Safaricom, Microsoft Launch One of a Kind and Ambitious Digital Training Program

During its first year, the program will train more than 1000 participants on digital skills that are currently in high demand.

Principal Secretary Ministry of ICT Jerome Ochieng signs to seal the partnership as the Safaricom PLC CEO; Peter Ndegwa looks on during the launch of the Industry Digital Talent program at the Safaricom offices.

There are tens of programs that have been developed to train Kenyans in digital skills. Some of them are backed by the government (Ajira, Whitebox, and others by ICT Authority). Others are run by private companies and international tech corporations.

A program of a similar kind has also been launched, it appears to source support from reputable companies around, including Safaricom and Microsoft.

Dubbed the Digital Talent Program, the latest development seeks to impart digital skills to participants, while taking a ‘sustainable approach to creating a healthy digital talent pipeline.’

During its first year, the program will train more than 1000 participants on digital skills that are currently in high demand. The program will receive support from academia, training partners, tech hubs, Government, and industry players.

At the moment, the number of partners that have been onboarded into the program include:

  • 6 universities
  • 14 training partners
  • 5 tech hubs
  • 7 government agencies
  • Other community organizations

The program will primarily focus on the following key areas:

  • UI/UX design
  • AI
  • Machine learning
  • IoT
  • Big Data and Analytics
  • Cybersecurity
  • Cloud computing
  • Fintech
  • Robotics process automation
  • Software engineering

Training will take a hybrid approach, where learning will entail classwork, mentorship, and internships. It will also cover hackathons, fireside chars, guest lecture sessions, incubation, career fairs, annual awards, placement, and certifications, to mention a few.

Classroom learning will be provided by members of academia.

Technology hubs will offer a talent pipeline to accelerate innovation.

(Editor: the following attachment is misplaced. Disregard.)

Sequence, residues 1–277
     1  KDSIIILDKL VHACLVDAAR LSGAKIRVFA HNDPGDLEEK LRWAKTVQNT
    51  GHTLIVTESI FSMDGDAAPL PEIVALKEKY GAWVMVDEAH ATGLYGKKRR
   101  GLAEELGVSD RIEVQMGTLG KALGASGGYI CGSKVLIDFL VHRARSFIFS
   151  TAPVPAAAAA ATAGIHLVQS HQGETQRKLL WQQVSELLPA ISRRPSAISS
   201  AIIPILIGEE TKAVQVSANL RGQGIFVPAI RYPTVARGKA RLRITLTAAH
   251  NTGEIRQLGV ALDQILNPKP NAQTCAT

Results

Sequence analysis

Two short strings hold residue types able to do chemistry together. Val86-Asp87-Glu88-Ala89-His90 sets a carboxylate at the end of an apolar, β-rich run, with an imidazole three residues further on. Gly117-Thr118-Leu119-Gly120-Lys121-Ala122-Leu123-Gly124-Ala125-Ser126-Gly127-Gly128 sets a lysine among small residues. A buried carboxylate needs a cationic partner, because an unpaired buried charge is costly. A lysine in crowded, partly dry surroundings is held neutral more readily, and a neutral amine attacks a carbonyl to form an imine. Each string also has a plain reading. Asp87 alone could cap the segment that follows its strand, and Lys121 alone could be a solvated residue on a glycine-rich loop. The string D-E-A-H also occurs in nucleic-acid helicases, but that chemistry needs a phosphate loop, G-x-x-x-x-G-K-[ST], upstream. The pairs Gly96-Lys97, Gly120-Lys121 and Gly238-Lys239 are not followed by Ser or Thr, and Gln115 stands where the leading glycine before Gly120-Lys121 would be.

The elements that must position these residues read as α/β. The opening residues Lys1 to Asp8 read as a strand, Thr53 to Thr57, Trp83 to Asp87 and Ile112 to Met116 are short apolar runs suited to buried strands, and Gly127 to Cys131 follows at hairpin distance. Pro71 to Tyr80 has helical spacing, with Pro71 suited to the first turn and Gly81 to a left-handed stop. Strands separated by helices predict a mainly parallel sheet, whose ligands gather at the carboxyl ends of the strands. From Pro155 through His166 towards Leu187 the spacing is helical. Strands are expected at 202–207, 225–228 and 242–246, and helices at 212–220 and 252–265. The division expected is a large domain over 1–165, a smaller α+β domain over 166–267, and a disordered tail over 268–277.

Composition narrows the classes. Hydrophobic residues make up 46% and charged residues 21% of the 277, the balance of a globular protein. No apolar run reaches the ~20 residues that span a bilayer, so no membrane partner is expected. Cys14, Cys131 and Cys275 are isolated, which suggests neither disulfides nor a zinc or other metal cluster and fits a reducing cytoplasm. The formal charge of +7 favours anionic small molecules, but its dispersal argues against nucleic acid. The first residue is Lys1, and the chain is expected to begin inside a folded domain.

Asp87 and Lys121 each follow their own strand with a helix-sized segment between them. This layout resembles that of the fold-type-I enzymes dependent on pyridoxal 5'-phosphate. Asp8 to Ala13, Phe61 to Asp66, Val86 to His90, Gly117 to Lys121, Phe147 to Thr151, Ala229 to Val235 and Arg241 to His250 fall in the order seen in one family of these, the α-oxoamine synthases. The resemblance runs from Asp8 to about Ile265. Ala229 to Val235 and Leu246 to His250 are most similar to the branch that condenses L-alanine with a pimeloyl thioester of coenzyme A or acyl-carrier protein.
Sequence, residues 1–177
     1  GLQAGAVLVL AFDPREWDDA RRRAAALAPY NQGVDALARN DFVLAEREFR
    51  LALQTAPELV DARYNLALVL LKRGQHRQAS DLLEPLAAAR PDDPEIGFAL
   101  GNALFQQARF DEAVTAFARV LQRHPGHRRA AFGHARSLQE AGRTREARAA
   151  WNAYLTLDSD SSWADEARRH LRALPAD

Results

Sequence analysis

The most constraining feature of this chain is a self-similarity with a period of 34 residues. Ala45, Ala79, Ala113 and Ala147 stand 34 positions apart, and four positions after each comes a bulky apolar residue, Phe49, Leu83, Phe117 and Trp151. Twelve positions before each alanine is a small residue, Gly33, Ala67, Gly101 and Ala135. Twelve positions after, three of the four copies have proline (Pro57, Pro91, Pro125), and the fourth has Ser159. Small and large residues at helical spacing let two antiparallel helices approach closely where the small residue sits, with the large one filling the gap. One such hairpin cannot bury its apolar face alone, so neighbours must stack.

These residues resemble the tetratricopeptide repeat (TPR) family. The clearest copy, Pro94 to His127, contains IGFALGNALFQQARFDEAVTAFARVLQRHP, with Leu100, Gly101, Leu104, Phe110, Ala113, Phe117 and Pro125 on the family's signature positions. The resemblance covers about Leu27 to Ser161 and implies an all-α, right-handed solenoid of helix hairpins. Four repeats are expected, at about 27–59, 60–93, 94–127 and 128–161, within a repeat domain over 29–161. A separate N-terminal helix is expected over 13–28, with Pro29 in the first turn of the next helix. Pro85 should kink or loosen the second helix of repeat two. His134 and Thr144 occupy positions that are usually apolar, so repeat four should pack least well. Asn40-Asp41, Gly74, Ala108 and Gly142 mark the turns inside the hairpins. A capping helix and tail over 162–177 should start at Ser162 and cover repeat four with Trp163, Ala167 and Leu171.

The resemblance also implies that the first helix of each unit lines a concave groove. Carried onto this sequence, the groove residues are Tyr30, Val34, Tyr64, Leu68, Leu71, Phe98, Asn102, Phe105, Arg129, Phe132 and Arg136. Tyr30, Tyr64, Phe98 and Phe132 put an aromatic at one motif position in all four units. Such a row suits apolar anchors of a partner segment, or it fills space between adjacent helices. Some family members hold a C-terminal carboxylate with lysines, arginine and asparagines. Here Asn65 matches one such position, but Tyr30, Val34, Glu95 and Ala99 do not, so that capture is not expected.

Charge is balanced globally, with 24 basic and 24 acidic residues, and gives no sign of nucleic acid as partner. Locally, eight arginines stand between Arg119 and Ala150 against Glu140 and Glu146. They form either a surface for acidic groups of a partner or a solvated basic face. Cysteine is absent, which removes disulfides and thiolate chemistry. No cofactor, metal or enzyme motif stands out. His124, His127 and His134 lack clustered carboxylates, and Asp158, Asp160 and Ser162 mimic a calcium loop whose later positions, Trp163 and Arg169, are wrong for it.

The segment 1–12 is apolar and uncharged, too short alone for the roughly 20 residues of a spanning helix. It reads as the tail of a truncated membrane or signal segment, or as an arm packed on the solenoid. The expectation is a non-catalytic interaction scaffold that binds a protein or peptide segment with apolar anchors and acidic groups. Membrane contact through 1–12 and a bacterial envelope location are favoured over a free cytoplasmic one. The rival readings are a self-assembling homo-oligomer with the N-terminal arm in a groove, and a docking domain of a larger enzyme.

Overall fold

Training partners will curate digital learning paths that are relevant to industry expectations.

Government agencies, on their part, will enable the program through the implementation of relevant policies.

Industry partners, including tech giants, will benefit from the talent pool produced by the program. They will also coach and mentor participants while linking them up to work opportunities.

So far, it has been established that Safaricom, Microsoft, and KCA University will be part of the program.

Global tech companies have been tapping the benefits of Kenya’s upper hand, especially in the digital space. Google and Microsoft, not to mention Visa, have since set up their innovation centres in Nairobi.

Telcos such as Safaricom have also expressed interest in these digital skills. The carrier plans to develop up to 80 percent of its technology in-house.

The government, on its side, has already developed a Digital Masterplan for the next decade. The mission of the Master Plan is to enhance the collaboration of the public and private sectors to form the development network of information systems and infrastructure. It has already been set into motion following tomorrow’s fair (July 29th) that will see the opening of the first software factory in Bomet County.


“It has been observed that there is a number of youth with ICT-related certificates who do not possess the skills and competencies required by the employer. Therefore, it is important for us as an industry and sector to push for digital penetration and come up with training and upskilling institutes to support those who are willing to be trained,” said Simon Chelugui, Cabinet Secretary – Ministry of Labour.

Peter Ndegwa, Safaricom PLC CEO said: “The digital talent program is in line with our purpose of transforming lives and vision to become a purpose-led technology company. Our ultimate objective is to position Kenya as the leading hub for tech talent in Africa.”

Catherine Muraga, MD ADC, Microsoft said: “We believe that Africa should not only be a consumer of technology, but also a hub for local talent. We can make a contribution to shaping and innovating the world. Kenya has a huge talent pool of competent and capable developers. That is why Microsoft and other tech companies are setting up their Africa operations here.”

Dr. Joshua Gisemba, KCA University Deputy Vice-Chancellor, Academic Affairs said: “As universities, we need to rethink the curriculum and the methodologies that come along with that. Even as we put down the structures and have the curriculum reviewed, we also need to adequately prepare the instructors and providers to be able to adjust to the teaching methodology according to the needs of the society.”


  1. There is no link provided for one to sign up for the problem. A lot of information missing in the report though

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